Supporting and empowering children with autism in Nicaragua

All photos courtesy of Angel Flores

By Ana Gonzalez

In 1992, the United Nations proclaimed December 3 to be the International Day of Disabled Persons to promote the rights and well-being of persons with disabilities and to raise awareness of the situations they face in political, social, economic, and cultural aspects of life. One inspiring YLAI Network member in Nicaragua wholeheartedly shares these goals.

Angel Flores, a 2018 YLAI Fellow, has made it his life’s mission to improve the lives of people with disabilities. Angel is the founder of Blue Hope (Azul Esperanza), an organization that provides educational therapy to children on the autism spectrum. Blue Hope aims to empower those with disabilities so that they can be active citizens in Nicaragua.

To recognize this upcoming International Day of Disabled Persons (now known as the International Day of Persons with Disabilities), the YLAI Network interviewed Angel to learn more about his journey and his organization’s mission.

What motivated you to launch Blue Hope?

child care center

My biggest motivation is my son, who has autism. Before establishing this organization, I searched for support but was unable to find it. My wife and I then started Blue Hope by organizing fundraisers, meetings with other parents of autistic children, and local events, with the purpose of one day establishing a center for autistic children in Nicaragua.

How is Blue Hope a vital part of your community?

Blue Hope provides cognitive therapy to autistic students to improve their behavior, their communication, their attention span, and improve how they manage their emotions, all of which will ultimately help them to integrate more easily into life in the community. Blue Hope is needed for the community in Nicaragua, as it provides assistance and relief to families of scarce resources when the state cannot.

How has the community helped and embraced your organization?

Every April 2, since 2016, we organize a national walk. The first time, only about 80 people participated, but in 2018, about 5,000 people took to the streets. We walked through the main avenues in Managua to the Ruben Dario Theatre, where an exhibition by autistic artists was held. Our families, friends, and neighbors held posters and wore the color blue to stand with the children of autism.

We are very honored that so many people in Nicaragua have supported us through our national walks, our Zumbatóns, raffles, and other various events. Our community and the people in Nicaragua are extremely valuable to our organization.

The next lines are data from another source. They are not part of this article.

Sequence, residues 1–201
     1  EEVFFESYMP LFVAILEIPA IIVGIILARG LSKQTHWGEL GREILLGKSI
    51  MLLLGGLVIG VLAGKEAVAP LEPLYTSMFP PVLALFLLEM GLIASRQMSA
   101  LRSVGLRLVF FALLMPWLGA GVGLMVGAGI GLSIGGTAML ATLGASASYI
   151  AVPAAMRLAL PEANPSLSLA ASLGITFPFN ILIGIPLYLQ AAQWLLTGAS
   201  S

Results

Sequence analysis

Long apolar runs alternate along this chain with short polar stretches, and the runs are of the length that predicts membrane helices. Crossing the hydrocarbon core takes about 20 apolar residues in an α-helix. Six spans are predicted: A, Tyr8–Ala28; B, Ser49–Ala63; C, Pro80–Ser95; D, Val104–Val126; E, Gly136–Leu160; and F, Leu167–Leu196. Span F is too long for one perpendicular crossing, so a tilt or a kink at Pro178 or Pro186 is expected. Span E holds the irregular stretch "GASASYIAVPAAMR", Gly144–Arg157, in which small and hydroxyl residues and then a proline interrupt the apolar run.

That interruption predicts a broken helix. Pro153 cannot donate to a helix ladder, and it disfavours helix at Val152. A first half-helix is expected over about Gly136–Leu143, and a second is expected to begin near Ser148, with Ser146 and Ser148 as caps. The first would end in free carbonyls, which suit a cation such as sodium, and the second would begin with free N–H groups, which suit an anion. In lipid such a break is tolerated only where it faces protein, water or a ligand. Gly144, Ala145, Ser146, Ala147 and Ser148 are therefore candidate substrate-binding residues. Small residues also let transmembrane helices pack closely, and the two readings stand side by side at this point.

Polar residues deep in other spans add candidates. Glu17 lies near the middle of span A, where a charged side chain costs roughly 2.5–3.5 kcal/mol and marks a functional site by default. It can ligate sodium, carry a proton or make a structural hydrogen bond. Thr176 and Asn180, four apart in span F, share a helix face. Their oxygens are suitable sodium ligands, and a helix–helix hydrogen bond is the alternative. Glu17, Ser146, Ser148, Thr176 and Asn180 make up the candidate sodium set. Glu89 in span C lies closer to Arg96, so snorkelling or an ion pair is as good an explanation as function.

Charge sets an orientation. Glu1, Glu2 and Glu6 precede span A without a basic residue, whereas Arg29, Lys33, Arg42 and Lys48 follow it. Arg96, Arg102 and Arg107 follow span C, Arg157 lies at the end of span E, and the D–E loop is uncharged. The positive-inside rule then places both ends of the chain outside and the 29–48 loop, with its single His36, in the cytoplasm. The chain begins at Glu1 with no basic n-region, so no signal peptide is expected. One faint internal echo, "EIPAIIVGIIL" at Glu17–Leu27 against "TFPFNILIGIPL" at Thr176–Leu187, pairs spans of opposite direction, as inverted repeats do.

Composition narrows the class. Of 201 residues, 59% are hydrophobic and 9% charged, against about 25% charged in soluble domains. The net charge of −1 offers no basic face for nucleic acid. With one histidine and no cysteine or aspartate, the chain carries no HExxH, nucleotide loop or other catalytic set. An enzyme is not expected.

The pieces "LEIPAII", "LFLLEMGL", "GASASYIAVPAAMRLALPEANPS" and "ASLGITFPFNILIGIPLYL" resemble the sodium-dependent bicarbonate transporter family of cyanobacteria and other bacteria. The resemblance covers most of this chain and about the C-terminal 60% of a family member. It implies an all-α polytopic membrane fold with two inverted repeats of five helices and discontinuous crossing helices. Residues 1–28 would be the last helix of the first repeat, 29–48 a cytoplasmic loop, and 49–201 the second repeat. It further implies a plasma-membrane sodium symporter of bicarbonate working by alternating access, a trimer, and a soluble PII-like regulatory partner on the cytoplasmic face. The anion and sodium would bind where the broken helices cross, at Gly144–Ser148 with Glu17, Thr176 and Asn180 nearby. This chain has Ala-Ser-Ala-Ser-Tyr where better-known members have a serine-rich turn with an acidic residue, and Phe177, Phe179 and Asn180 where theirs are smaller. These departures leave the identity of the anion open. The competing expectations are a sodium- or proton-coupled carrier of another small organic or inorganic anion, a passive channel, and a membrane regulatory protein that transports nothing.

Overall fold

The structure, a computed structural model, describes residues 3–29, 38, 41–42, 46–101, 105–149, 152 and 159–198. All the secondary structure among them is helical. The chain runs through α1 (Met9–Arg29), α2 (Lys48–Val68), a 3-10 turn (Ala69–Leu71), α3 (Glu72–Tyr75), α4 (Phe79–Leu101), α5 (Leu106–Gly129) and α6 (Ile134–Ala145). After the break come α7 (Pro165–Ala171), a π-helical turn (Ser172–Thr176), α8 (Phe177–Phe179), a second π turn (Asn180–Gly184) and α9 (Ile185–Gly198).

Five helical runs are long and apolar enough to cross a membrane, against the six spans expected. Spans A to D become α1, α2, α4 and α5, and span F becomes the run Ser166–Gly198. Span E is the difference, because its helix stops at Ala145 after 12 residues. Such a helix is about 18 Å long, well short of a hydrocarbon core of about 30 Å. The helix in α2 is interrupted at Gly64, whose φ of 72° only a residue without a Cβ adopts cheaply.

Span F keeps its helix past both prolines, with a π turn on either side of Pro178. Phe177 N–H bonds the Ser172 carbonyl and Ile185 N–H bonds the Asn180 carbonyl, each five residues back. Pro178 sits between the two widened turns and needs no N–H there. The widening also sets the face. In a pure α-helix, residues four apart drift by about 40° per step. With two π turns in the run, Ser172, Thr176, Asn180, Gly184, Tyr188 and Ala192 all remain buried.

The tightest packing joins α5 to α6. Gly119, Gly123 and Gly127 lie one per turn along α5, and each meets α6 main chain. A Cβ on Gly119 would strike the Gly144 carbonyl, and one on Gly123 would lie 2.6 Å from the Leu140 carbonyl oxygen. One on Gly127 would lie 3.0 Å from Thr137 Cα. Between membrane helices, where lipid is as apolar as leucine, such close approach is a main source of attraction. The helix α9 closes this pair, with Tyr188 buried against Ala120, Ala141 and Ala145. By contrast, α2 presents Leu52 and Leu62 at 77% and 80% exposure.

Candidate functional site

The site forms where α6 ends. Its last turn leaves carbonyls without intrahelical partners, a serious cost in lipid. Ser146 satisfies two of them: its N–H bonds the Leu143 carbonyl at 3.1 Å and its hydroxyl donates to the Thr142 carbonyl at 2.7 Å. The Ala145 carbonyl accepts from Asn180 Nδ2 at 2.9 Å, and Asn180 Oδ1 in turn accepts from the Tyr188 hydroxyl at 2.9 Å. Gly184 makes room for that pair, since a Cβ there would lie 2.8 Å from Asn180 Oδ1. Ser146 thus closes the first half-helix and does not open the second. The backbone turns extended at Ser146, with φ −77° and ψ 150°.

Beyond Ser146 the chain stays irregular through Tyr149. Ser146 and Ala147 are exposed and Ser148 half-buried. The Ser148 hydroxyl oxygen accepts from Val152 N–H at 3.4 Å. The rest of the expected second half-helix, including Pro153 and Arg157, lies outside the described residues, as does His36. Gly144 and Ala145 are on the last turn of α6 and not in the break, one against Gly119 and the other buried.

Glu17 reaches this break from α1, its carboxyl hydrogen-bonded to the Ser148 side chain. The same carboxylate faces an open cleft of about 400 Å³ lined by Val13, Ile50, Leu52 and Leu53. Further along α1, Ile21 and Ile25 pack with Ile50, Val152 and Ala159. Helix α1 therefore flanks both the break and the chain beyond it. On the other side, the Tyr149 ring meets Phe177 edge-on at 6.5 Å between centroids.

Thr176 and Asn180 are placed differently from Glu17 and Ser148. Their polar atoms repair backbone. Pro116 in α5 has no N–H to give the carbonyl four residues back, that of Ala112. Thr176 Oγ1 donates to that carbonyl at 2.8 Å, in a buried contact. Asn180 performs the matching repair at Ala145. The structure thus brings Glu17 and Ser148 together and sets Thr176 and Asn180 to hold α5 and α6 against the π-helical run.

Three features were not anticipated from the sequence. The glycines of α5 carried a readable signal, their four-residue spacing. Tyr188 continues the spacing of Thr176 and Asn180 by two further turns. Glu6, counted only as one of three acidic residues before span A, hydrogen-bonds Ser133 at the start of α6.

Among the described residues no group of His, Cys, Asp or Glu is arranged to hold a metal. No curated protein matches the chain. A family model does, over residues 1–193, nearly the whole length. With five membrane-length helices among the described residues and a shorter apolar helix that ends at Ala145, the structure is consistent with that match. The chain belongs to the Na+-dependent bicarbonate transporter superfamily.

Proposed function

Due to the political crisis in Nicaragua, we have not been allowed to organize another national walk. We hope that soon we can take to the streets again and celebrate the National Day of Autism.

How has Blue Hope responded to the lack of help from the Nicaraguan government?

The public health system in Nicaragua is unfit to deal with autism. This condition is very rare in Nicaragua, and due to the complexity of it, our government does not provide funds to children with autism to properly diagnose or treat it.

In 2016 we pushed for the implementation of Law N. 931 in Nicaragua, which declares April 2 to be the National Day of Autism in Nicaragua. Although the law does not include any monetary funds, it allows us to celebrate the day and advocate for the rights of autistic children.

Why is it important to recognize the International Day of Persons with Disabilities?

Recognizing these days means society recognizes the human rights of disabled persons and acknowledges their successes.

I have friends who are blind and are radio broadcasters, friends who are deaf and work in various companies, and friends with Down syndrome who work as bank managers. In the case of autism, there have not been many cases of such success within the community, but they are slowly integrating more fully into society.

One of our students in the center just recently graduated from college, and that to us is a huge milestone that deserves recognition and celebration.

How has YLAI helped your organization grow and develop?

Being a 2018 YLAI Professional Fellow and participating in the Reverse Exchange of YLAI has allowed me to grow as a leader. I have formed great friendships and mentorships and acquired entrepreneurial knowledge that has helped my organization.

Blue Hope has since trained 250 professors from 150 schools to teach and care for autistic children — a great achievement for furthering autism support in Nicaragua.

child holding up sign

How can the YLAI Network and members help people with disabilities?

The YLAI Network can use their virtual platform to shine a light on entrepreneurs who are working to help people with disabilities, and members can help by offering their support.

In 2018 after returning to Nicaragua, Blue Hope, along with other YLAI Fellows, launched a viral campaign called #BlueHopeChallenge. We were contacted by people in Colombia, Peru, Brazil, Mexico, Cuba, the Philippines, and Europe. The campaign had an amazing impact on our network and help spread the message of our mission.

What advice would you give to YLAI Network members?

For those who are beginning their journey with YLAI, I would say, do not wait for change. Be proactive, try to do the most with your time.  

Angel is open and eager to share information and connect with others in order to work for the betterment of the lives of people with disabilities. Thank you, Angel!